Michael Gennaro

SAN FRANCISCO (CN) — A federal judge heard arguments in a San Francisco courtroom on Thursday about whether the Bureau of Land Management is violating the Endangered Species Act because of its roads in the Mojave Desert.

Plaintiffs include the Center for Biological Diversity and the Sierra Club, along with Desert Survivors, California Native Plant Society, Defenders of Wildlife, and the Desert Tortoise Council.

In their complaint, the plaintiffs say the Bureau of Land Management has refused to take measures “to protect public lands from adverse impacts of off-highway vehicles or to preserve and recover listed and special status species as part of their management of the West Mojave Planning Area of the California Desert Conservation Area.

Specifically, they challenge the bureau's 2019 designation of off-road vehicle routes in the west Mojave. The groups claim the routes were designated illegally, and that the bureau did not provide the public with “high-quality, up-to-date information” about the routes in violation of the National Environmental Policy Act.

The groups claim regulations require the bureau to close areas to off-road vehicles where they “are causing or will cause negative impacts to soil, vegetation, wildlife, wildlife habitat, cultural resources, wilderness suitability, or threatened and endangered species.”

Of particular importance to the plaintiffs is the status of the Mojave desert tortoise, a species native to southeastern California, southern Nevada, southwestern Utah, and northwestern Arizona. The species is critically endangered.

“The tortoise is an iconic species that is closely associated with the western Mojave desert and the health of the ecosystem, and yet we see alarming declines in the species over the period that the court has been looking at this issue,” said Lisa Belenky, counsel for plaintiffs.

Off-road vehicles present a particular harm to these tortoises — they're are hard to see, so off-road vehicles can run them over. The presence of off-road vehicles can alter the tortoise’s behavior, degrade the soil and introduce and spread non-native plant species in its environment.

Belenky said that there was a total decline of almost 50% in the population of western Mojave adult tortoises from 2004 to 2014. She estimates that over 67,000 tortoises were killed. There was also a decline in juveniles, calling into questions the species’ future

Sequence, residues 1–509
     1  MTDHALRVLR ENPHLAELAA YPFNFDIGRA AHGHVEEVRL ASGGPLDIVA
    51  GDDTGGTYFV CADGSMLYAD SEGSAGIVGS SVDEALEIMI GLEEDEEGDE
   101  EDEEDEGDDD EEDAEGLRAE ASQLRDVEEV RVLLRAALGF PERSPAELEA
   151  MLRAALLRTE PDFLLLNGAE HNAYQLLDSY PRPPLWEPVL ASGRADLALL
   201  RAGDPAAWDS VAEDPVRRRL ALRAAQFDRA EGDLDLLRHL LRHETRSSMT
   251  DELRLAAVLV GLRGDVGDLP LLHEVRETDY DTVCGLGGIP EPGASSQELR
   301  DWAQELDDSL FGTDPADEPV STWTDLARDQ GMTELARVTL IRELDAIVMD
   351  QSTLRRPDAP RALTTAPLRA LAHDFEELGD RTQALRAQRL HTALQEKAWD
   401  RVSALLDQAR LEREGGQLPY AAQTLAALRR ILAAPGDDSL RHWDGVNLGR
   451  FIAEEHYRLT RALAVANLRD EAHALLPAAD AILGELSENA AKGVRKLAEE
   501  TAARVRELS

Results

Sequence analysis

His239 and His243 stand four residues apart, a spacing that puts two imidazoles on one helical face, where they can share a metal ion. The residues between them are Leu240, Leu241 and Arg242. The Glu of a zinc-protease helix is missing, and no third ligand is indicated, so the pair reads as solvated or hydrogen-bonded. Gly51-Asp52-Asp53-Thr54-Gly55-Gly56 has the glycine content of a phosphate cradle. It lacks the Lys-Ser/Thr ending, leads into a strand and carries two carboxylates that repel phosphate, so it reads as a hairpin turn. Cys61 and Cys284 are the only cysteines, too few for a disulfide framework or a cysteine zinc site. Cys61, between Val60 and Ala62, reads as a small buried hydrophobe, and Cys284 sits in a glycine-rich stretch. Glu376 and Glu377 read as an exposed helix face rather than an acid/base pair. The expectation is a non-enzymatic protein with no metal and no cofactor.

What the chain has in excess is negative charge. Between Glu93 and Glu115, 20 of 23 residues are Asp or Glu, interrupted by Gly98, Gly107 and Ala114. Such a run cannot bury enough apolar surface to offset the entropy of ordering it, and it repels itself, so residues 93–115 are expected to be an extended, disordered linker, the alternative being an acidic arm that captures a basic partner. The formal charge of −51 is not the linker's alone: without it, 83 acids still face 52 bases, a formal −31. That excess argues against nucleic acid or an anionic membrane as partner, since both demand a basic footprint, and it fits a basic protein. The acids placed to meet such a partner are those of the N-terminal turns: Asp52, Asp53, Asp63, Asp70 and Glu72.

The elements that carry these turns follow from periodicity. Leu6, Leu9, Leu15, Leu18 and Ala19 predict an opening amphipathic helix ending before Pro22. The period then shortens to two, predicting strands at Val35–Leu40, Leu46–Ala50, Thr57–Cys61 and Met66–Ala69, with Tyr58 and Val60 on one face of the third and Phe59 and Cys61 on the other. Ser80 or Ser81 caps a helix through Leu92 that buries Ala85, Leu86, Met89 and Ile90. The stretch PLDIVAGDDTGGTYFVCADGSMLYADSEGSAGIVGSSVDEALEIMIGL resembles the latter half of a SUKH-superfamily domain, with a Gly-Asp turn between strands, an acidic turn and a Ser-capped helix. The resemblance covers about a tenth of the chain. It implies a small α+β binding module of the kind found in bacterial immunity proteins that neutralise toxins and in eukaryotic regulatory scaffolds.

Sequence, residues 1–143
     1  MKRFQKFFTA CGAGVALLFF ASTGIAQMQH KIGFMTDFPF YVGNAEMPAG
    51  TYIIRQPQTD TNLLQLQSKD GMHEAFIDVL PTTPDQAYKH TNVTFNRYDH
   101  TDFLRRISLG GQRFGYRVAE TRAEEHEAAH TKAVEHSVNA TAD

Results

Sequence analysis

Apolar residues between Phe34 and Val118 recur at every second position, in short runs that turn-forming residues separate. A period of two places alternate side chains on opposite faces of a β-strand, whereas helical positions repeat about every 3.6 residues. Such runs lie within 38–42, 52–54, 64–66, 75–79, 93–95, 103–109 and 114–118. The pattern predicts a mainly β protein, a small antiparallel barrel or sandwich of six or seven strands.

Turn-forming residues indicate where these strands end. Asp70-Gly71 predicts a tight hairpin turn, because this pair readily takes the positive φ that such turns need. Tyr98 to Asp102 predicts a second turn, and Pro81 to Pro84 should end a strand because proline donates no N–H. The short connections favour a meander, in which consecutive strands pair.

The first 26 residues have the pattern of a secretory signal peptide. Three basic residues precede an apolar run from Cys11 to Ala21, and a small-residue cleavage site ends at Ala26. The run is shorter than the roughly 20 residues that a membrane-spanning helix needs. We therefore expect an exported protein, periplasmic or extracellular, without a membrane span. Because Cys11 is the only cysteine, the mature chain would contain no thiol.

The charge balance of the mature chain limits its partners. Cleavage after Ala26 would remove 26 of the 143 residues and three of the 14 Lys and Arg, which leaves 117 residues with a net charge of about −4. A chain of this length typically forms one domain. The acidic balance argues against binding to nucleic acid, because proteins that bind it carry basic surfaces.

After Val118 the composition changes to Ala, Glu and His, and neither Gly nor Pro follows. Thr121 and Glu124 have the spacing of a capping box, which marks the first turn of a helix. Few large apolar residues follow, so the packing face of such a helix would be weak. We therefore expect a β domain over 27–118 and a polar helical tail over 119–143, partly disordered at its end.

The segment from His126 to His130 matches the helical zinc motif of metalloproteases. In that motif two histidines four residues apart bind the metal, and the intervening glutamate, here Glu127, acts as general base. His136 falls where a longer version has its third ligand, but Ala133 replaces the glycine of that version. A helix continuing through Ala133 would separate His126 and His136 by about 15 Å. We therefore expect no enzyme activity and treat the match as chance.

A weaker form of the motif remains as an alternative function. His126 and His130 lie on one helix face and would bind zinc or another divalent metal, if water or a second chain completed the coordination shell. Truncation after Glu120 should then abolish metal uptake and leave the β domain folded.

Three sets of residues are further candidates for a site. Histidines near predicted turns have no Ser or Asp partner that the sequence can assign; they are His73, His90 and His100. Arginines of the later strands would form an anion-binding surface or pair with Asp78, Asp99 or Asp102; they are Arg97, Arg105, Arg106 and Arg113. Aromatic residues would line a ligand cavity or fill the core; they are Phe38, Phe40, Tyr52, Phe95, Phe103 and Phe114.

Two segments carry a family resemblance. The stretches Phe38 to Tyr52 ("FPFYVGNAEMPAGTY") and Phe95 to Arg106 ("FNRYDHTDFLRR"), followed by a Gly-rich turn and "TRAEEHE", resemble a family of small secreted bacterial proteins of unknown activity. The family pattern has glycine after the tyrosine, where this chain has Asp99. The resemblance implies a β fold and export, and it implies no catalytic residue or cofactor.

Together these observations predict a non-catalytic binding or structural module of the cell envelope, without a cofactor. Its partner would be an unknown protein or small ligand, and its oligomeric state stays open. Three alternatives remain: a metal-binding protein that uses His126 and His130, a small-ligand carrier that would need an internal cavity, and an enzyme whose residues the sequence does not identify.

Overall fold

“In light of these declines, the Fish and Wildlife Service basically endorsed the Bureau of Land Management to use a balancing between the off-highway vehicles use and the impacts to the tortoise, rather than looking at what the impacts are to the tortoise and its potential recovery first,” Belenky said.

Senior U.S. District Judge Susan Illston told Belenky that the agencies must walk a fine line between keeping land open and protecting species.

Victoria Tejeda, counsel for the plaintiffs, said that it is not clear that the bureau properly designated its routes with the intention of minimizing harm to the tortoises or other species in the Mojave.

Tejeda argued the agency was required to apply an “undue degradation standard” and “minimization criteria” when designating routes in order to minimize the impact on the environment.

“The record simply does not show that the criteria were used to inform route decisions in order to minimize impacts,” Tejeda said.  “This standard has simply not been met."

Arguing for the government, attorney Paul Turcke said that there is no detailed explanation of every decision in the process of approving a route, and that plaintiffs were applying an impossible standard.

“There’s not a case that says what plaintiffs are trying to get the court to require here, which is to provide a detailed explanation of all of these steps in this process, " Turcke said. “If plaintiffs are right, and the bureau has to provide a more detailed explanation of how it reached all of these 51,000-plus conclusions, then I think the court should pause before finding that the law requires that because that’s going to be a pretty onerous burden for any agency to satisfy.”

Illston agreed it would be. Turcke also said the plaintiffs were “cherry picking” language.

“The unnecessary, undue degradation standard has never been applied successfully in the way that plaintiffs are attempting to do it here,” Turcke said.

“It just doesn’t make sense that you could ignore the 51,000-plus route reports that attempt to minimize impacts, but just generally contend that there was unnecessary degradation occurring in some holistic fashion across the project area,” he continued.

Illston took the matter under submission and said she would issue a ruling in the coming weeks.

“Maybe I agree with you; I’m not sure,” she said, having previously described the case as “opaque.”